Should our new Congress declare war on Venezuela?

We have a new (better?) Congress as of today.

The Uber driver who picked me up recently in “North Bethesda” (Rockville!) happened to be an immigrant from Venezuela. His parents and siblings remain in Venezuela’s “second city”, as he phrased it, of Maracaibo. They are short of food and medicine, both of which he ships to them monthly. “Sometimes it gets through. Sometimes it gets stolen by the army or police.”

I asked him what, in an ideal world, the U.S. government would do to help his family and their fellow Venezuelans. He wanted to see a U.S. military invasion that would remove the current government.

On the one hand, our most recent invasions-followed-by-nation-building efforts haven’t worked out so well. On the other hand, we invaded the Dominican Republic in 1965 and managed to get back out (Wikipedia).

We claim to be humanitarians, which is why we provide free housing, health care, food, and smartphones to low-income immigrants and their children. But, in theory, we could help all 32 million people in Venezuela to a much greater extent at a much lower cost than what we’re providing to tens of millions of welfare-dependent immigrants (at least one million in New York City alone, according to the nytimes).

If we don’t care about helping the vulnerable then obviously there is no need for us to bother. But then why do we spend $1.2 trillion on welfare? If we do care about helping the vulnerable, why don’t we set Venezuela back on its feet? How much resistance would current members of the Venezuelan military and police put up if we said “Staring Monday you’ll all be getting paychecks in dollars”? Are these folks truly fanatically devoted to their current way of doing things?

Plainly we couldn’t promise “free elections” since Venezuelans did freely vote for the current government (see Hugo Chavez: Great politician; poor administrator).

And probably we wouldn’t be successful in meeting expectations. Foreign Policy says “Venezuela was considered rich in the early 1960s: It produced more than 10 percent of the world’s crude and had a per capita GDP many times bigger than that of its neighbors Brazil and Colombia — and not far behind that of the United States.” The author is a brilliant “geoeconomics” expert, but apparently economists aren’t interested in long division because the article doesn’t include the word “population.” The population of Venezuela was 7.6 million in 1960 and dividing oil revenue by 7.6 million resulted in “per capita rich”. The same oil reserves divided by 32 million, of course, yield a disappointingly smaller number.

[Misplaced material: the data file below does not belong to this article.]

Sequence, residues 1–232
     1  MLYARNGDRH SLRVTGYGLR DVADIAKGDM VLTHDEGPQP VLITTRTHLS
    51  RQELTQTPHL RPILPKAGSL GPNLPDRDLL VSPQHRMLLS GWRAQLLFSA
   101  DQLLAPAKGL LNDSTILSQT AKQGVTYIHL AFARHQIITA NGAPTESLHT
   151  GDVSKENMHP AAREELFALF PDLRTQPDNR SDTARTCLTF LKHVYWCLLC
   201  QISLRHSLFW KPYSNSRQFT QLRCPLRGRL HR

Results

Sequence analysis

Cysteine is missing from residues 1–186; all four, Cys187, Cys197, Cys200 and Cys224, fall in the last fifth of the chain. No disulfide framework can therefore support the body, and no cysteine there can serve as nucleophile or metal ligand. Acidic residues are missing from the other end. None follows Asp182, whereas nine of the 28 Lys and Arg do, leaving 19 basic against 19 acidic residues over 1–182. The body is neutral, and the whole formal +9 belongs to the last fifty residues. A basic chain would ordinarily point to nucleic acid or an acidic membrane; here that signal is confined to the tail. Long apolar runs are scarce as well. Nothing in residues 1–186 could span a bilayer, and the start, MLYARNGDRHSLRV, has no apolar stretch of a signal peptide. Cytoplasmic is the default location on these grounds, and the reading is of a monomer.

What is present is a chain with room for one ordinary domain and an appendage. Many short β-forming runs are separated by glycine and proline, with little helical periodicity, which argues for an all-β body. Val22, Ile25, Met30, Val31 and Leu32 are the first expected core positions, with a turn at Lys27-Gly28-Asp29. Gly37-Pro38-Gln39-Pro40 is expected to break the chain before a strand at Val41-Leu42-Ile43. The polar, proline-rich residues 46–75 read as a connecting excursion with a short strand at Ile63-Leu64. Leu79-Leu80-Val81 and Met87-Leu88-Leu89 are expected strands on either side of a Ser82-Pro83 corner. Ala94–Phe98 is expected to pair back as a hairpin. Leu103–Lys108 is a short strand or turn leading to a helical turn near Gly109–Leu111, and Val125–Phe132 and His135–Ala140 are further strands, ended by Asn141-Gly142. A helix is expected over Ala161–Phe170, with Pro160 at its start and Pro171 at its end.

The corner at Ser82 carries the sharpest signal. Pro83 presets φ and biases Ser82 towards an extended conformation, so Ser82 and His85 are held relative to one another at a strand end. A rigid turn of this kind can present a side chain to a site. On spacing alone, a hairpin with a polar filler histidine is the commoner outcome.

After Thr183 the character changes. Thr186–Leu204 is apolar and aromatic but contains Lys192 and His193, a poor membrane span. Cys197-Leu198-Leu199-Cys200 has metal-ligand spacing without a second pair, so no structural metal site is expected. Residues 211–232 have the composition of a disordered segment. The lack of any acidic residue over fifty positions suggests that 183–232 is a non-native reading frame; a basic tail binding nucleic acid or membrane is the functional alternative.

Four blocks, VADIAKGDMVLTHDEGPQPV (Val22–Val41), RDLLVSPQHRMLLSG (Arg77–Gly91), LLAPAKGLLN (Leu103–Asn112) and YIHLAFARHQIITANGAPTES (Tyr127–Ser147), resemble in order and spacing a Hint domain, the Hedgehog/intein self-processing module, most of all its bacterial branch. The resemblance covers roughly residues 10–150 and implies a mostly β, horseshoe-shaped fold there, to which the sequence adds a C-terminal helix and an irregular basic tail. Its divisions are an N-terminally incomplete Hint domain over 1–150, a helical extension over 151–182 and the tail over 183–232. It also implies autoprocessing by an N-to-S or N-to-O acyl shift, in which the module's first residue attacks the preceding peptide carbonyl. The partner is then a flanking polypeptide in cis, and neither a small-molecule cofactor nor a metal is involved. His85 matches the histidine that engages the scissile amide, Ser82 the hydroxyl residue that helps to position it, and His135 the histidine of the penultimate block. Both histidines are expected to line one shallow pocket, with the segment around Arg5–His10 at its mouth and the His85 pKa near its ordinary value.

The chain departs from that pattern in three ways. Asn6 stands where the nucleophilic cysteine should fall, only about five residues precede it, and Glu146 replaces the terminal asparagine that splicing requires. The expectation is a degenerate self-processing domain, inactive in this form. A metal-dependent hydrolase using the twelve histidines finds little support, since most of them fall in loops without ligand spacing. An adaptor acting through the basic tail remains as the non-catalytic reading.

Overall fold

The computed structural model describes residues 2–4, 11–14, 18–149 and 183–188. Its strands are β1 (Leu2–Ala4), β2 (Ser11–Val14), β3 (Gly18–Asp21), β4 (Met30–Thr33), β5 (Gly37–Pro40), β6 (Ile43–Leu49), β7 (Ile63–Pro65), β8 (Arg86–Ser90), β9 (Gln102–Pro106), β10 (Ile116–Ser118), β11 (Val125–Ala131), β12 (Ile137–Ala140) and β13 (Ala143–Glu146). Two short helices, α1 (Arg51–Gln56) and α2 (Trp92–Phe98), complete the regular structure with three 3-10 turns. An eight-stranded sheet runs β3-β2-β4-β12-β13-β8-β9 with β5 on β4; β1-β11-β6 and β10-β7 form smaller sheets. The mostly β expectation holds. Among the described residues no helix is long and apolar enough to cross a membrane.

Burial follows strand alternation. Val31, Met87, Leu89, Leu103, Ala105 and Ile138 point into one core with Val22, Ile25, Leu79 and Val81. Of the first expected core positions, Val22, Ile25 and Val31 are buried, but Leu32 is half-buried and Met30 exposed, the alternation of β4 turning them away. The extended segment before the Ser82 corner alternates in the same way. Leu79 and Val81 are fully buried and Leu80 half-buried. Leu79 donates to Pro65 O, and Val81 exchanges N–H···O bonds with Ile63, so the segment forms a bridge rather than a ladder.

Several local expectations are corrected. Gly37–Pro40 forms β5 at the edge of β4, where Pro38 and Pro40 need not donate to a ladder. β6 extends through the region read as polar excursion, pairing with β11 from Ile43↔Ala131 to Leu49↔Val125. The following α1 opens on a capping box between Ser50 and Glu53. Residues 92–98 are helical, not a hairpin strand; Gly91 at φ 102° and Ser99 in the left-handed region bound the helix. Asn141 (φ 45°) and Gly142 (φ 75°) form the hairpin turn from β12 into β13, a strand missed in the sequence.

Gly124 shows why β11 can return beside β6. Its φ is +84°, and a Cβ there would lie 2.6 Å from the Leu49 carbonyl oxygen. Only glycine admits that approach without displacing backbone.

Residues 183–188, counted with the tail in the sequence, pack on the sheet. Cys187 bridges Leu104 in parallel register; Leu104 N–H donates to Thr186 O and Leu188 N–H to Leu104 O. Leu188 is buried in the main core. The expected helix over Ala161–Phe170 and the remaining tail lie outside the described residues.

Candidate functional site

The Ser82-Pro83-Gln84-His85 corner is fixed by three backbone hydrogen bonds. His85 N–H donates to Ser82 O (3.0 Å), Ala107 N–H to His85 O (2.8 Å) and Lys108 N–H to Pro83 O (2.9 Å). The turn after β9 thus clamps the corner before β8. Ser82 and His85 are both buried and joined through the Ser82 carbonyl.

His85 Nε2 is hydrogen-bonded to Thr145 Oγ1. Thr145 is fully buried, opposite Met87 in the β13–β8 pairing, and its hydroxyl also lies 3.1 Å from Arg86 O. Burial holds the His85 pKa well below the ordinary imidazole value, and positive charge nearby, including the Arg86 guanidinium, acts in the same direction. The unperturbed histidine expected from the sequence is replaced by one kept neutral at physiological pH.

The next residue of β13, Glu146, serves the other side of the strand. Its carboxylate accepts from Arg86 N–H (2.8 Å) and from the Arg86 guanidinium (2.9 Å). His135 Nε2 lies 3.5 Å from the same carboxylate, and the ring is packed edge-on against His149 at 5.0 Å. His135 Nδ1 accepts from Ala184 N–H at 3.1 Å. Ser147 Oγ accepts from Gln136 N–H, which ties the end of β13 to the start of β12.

So of course we probably don’t want to invade Venezuela. But if we don’t, why do we say that our government acts in a humanitarian manner? Who needs help right now more than Venezuelans?

And if we don’t want to use our military for this, why do we need such a huge military? What other country would our new Congress want to invade?

11 thoughts on “Should our new Congress declare war on Venezuela?

  1. Canada! Except Quebec, of course. Hope Mrs Streisand knows her French.

    Turning the former territories into new US states pronto, Trump is probably done, with the help of all the liberal former Canadians. So don’t tell him. Win-Win.

    • > Canada!

      This has been thought of before. In 1812 Thomas Jefferson said its conquest would be “a mere matter of marching” and many agreed with him.

      King George’s forces, though already occupied with the defeat of the Corsican tyrant, soon brought them disillusionment.

  2. Instead of getting bellicose, why don’t we try a win-win approach of trading Puerto Rico for venezuela?Venezuela sounds like it might have some upside in the right hands while Puerto Rico is pretty picked over.

  3. Phil, i guess i just have a fundamental disagreement with your view of moral obligations here. Your point seems in this post and others to be “the masses of people around the world are of equal value. Therefore, we have equal obligation to help (or equally *little* obligation to help) suffering Venezuelans in their home country as we do suffering Americans/ suffering immigrants here.”